Florida Sports Betting Begins Long Uncertain Journey
Mark Wallheiser/Getty Images. Pictured: The Florida State Capitol building.
Friday’s announced gaming compact agreement between Gov. Ron DeSantis and the Seminole Tribe of Florida cleared the most important political hurdle to legal sports betting in the state. Many logistical and legal obstacles remain.
The Florida Legislature will reconvene next month to approve the deal. Championed by DeSantis as well as fellow Republican Senate President Wilton Simpson, it should help overcome many political issues passing compact-related legislation through the GOP-controlled statehouse. The deal, which will generate the state at least $500 million annually from the tribe’s gaming proceeds, will likely also have support from the legislature’s Democrats.
Assuming approval, the compact’s online sports betting component faces a seeming federal roadblock.
Online Sports Betting in Jeopardy
The compact permits the tribe to operate online sportsbooks through servers placed on sovereign lands. This, the compact writers argue, means bets should be treated as though the actual wager is being placed on tribal property, even if the bet is placed through a mobile device somewhere else in the state.
New Jersey and New York use a similar approach that allows them to operate mobile sportsbooks without violating state gambling prohibitions, but this strategy has not been approved for tribal operators. A recent court ruling in California prohibited a tribe from offering online gaming, and the overarching federal law that permits Indian gaming does not include any internet workarounds.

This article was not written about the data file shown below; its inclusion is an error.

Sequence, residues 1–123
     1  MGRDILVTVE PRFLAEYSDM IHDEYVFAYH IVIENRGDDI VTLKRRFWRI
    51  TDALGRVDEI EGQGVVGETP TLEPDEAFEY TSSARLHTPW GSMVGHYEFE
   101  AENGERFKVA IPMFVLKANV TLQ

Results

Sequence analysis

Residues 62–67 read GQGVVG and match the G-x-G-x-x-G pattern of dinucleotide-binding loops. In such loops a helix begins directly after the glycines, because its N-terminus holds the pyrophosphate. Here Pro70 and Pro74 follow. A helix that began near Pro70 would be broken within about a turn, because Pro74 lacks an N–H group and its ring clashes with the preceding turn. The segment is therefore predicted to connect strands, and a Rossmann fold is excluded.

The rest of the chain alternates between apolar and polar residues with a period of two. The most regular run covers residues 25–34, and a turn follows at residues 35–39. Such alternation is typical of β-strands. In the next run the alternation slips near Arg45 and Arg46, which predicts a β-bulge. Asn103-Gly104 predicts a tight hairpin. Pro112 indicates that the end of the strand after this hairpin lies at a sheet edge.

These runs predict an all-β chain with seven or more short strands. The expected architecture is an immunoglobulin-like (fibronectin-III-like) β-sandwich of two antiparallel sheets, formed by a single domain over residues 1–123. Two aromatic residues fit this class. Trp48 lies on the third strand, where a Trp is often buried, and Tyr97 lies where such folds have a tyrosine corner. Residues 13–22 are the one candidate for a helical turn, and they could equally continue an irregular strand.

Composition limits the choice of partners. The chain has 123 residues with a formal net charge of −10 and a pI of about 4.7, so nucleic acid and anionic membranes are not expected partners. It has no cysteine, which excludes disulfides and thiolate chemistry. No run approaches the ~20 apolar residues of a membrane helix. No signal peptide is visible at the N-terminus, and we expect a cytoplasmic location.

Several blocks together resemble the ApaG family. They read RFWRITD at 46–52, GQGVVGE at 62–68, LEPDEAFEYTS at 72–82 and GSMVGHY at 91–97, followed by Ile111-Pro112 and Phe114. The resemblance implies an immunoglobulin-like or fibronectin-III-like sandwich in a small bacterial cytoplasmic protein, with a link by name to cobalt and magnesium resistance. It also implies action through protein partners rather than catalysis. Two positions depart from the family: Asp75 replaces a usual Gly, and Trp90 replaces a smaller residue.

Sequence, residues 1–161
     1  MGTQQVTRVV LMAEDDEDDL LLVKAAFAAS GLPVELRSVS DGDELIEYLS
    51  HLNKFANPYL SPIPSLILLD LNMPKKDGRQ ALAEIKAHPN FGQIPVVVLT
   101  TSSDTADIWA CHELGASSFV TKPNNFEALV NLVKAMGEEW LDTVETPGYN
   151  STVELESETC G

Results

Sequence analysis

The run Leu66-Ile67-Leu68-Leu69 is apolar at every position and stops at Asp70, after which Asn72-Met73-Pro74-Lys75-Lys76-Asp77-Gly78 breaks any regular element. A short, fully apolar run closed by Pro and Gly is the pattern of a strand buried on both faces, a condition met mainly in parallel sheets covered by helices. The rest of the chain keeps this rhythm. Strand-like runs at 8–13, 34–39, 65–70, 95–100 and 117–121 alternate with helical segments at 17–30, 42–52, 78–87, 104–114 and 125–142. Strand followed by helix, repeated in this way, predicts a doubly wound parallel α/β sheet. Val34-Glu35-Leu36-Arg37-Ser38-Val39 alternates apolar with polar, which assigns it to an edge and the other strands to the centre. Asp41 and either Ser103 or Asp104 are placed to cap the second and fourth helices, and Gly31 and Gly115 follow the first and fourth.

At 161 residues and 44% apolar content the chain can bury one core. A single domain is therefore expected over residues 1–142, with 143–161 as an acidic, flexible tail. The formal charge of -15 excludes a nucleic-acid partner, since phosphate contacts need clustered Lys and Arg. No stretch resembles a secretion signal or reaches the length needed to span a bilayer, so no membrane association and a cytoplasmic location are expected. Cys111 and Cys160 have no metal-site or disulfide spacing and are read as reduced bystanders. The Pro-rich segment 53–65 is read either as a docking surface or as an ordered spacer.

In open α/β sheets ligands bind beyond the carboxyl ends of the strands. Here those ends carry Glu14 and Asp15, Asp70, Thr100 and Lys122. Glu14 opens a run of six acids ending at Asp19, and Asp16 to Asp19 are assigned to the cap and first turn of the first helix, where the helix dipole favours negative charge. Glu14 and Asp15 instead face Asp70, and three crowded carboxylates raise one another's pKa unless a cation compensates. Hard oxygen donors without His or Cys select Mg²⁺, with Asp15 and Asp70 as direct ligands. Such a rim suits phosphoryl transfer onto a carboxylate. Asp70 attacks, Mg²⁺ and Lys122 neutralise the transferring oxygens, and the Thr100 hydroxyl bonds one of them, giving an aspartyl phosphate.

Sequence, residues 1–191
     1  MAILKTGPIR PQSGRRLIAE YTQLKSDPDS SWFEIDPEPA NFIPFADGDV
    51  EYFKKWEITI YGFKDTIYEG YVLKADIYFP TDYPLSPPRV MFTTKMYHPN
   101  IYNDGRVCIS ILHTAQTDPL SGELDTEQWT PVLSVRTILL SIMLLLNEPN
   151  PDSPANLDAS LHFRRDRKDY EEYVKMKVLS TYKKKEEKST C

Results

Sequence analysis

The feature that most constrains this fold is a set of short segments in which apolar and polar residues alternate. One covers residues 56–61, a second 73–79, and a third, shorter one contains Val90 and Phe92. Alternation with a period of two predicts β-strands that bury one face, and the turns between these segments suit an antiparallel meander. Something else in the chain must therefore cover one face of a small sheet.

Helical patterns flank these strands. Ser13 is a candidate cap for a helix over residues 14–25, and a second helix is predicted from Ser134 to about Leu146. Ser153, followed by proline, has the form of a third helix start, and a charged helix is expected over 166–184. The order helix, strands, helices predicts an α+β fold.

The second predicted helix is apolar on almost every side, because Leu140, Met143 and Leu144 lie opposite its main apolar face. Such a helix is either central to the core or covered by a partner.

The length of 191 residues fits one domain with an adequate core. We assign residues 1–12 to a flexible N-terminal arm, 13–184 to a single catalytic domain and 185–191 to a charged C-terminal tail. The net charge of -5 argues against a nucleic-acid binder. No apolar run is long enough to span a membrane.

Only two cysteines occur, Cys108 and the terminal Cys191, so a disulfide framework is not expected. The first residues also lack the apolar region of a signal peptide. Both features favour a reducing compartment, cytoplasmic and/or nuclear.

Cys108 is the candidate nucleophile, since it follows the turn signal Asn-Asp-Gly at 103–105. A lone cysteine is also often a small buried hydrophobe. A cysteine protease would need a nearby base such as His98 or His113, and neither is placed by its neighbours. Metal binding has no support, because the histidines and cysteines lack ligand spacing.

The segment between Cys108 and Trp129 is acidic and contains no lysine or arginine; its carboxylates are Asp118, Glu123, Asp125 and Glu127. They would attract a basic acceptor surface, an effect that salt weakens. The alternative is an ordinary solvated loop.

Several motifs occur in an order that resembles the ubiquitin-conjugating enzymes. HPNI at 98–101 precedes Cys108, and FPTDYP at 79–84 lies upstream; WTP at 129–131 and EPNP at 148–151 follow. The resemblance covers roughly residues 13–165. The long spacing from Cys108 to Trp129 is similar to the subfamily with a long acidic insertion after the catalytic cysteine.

The Department of the Interior must approve any gaming compact such as Florida’s. An Interior Department ruling that permits the Seminole’s online interpretation would seemingly open the door for any other recognized tribal entity to have similar offerings.
More likely than not, legal analysts believe, the online provision will not be approved. Notably, the compact allows the deal to go into effect even if certain parts are rejected by federal officials.
This means the tribe could continue with plans to open retail sportsbooks at its casino properties, even if online sportsbooks or the compact’s provisions that allow parimutuel facility sportsbooks to run in conjunction with the tribe are struck down.
Florida anti-gambling organizations argued the deal violates a 2018 constitutional amendment that subjects all casino gambling legislation to voter approval. Groups such as No Casinos argue the deal’s sports betting authorization as well as the Seminole’s right to open new gaming facilities are subject to a voter referendum.
Some gaming industry analysts argue the amendment only included common casino games at the time the amendment was approved. In 2018 only a handful of states allowed sports betting, meaning sportsbooks can be approved without voter approval.
In either interpretation, the compact will test the 2018 amendment. If No Casinos or other anti-gambling groups are successful, it could mean sports betting would have to be approved by voters on a future ballot, likely the 2022 midterm elections.
In that scenario, that would mean betting likely wouldn’t even begin until 2023. That’s also assuming voters approve the sports betting authorization on a hypothetical future ballot question, which is no sure bet either.
The new compact removes the single biggest roadblock to legal sports betting in Florida. Retail sports betting will likely be approved at the federal level and, depending on Florida’s own ruling on its constitutionally, could begin either in the next few months or next few years.
Online betting is a bigger concern. With federal law seemingly incompatible with the compact’s online provisions, it could be even longer until a legal online sportsbook takes its first wager in the Sunshine State.